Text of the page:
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Q & A: How do you send a single electron through a slit?

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Most recent answer: 12/28/2009
Q:
In reading about particle/wave duality, I've come across many accounts of the "two slit" experiment which involve "sending a single electron" or "sending a single photon" at the two-slit object. Well, what I want to know is, HOW exactly do physicists "shoot a single photon /electron". What I've read makes it sound as if we can load a very small BB gun with a single photon, and fire it. How is this physically done? How do we know we're shooting one, single electron at something?
- Adam Pace (age 47)
Seminole, FL USA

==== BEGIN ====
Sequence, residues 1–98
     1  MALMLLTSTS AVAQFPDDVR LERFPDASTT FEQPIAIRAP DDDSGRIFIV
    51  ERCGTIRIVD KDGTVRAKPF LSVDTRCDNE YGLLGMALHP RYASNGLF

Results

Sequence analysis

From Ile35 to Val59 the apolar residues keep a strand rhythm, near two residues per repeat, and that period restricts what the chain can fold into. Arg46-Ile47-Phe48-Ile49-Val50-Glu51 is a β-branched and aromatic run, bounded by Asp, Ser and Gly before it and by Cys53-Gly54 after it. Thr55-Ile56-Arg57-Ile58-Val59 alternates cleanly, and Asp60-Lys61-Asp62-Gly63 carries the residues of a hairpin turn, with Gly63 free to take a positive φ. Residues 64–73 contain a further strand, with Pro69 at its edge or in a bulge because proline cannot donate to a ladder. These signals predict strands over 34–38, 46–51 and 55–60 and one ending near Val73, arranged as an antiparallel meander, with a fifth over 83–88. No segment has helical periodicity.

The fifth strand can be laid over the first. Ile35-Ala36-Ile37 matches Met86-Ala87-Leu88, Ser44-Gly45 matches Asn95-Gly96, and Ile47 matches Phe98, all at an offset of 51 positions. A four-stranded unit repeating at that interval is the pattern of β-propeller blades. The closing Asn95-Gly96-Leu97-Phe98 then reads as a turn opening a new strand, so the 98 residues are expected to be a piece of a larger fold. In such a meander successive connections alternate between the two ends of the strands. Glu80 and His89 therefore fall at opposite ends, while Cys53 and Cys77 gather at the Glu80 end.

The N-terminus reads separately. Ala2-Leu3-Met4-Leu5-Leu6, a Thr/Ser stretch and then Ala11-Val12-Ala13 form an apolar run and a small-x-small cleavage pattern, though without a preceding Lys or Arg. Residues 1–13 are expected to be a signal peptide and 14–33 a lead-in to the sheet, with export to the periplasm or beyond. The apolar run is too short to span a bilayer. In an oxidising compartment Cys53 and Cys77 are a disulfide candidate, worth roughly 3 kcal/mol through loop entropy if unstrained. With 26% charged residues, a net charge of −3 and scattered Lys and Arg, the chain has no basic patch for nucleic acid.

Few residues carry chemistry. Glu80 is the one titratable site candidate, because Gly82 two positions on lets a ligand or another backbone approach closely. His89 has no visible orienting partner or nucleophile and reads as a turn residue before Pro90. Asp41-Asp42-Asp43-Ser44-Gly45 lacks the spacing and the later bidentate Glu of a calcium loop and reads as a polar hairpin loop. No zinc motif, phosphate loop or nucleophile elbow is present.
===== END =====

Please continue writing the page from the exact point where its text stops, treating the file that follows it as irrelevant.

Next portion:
A:
Good question!   First of all you must have a detector that is able to detect a single photon or electron.  A photomultiplier or sensitive CCD detector will do. (I know they work as I have used them in my own research projects.)   Then you have to calibrate the detector with a known flux of light or current of electrons: a standard procedure.   After that you insert the double slit into the beam and start turning down the amount of incident flux by inserting appropriate filters or by reducing the amount of current in the case of electrons. After enough attenuation you can be assured that there are so few incident particles that it is very, very improbable that two of them arrived within the time resolution of the detector.  Nevertheless, the interference pattern persists irrespective of the intensity of the incident beam.

LeeH

(published on 12/28/2009)

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